In Santiago, Chile, protesters have looted a Roman Catholic church, dragging pews and statues into the street and setting them on fire. A fire also broke out at a nearby university. Weeks of unrest in the country have caused massive damage, but that hasn’t stopped Chileans from supporting the demonstrators.
CGTN’s Joel Richards reports.
The protests in Chile started after the government hiked metro fares, but they quickly grew into one of the country’s largest demonstrations in years. As many people here say, it is not about 30 cents, it’s about 30 years.
Large parts of Santiago are now boarded up, the capital bearing the scars of weeks of violent protests. The National Museum of Fine Arts in Santiago, like much of the city, is covered in graffiti. The museum is closed, the workers have gone on strike and they have added a line onto the sign on the front gate which really goes to the very heart of what these protests in Chile are about. It reads hasta que la dignidad sea constumbre which means “until dignity becomes a habit.”
Washington Wilson paid into a private pension fund for years. Now the 75-year-old man receives roughly $200 a month, an amount that barely covers the cost of medicine for his heart condition. He says the privatized pension funds are profiting from people like him.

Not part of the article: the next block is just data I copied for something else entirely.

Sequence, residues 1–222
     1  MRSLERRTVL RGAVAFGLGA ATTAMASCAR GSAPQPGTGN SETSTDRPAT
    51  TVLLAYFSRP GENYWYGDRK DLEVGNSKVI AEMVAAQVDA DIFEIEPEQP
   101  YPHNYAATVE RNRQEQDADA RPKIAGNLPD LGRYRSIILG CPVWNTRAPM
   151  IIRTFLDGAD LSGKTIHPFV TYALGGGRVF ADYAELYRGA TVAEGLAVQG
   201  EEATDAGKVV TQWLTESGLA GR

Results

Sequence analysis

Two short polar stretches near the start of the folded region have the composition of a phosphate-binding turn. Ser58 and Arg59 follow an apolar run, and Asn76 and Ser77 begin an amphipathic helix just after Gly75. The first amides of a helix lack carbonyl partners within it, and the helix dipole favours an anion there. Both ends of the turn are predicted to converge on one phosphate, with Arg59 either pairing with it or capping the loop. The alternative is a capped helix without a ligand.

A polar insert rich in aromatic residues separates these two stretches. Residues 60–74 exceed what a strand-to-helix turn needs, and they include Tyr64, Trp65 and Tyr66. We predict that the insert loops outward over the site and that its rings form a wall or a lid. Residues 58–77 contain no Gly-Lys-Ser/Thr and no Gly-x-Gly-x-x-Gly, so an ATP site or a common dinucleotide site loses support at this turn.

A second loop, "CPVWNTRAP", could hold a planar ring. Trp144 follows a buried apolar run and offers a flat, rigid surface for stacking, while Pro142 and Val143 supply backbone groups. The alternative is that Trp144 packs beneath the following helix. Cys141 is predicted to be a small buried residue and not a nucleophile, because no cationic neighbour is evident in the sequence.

“It is can’t be any clearer,” Wilson said. “The pension funds are making money with our money, with my money.”
The sense of injustice at the situation facing Chile’s older generation is one of the reasons behind these protests.
Near Wilson’s house is a supermarket that burned down. Vandalism is estimated to have cost the country well over a billion dollars. Yet surveys show more than 70-percent of the population supports the protests that are demanding change.
Investigators at the Fundacion Sol, a nonprofit research organization, point to World Bank data that shows the wealthiest one-percent in Chile has 33-percent of the national income. It’s a concentration of wealth not seen anywhere else in the world.
“There are people who work full time and yet are living in poverty with their families,” said Fundacion Sol representative Benjamin Saez. “That is one of the contradictions in a country that says it is one of the economic miracles in the region.”
The government has announced a series of policies such as increasing the minimum wage and reducing the number of working hours which are intended to appease protesters.
But for many here it’s too little too late. Chile has long been considered a model of economic and social success in Latin America. And now Chileans want to be part of that success.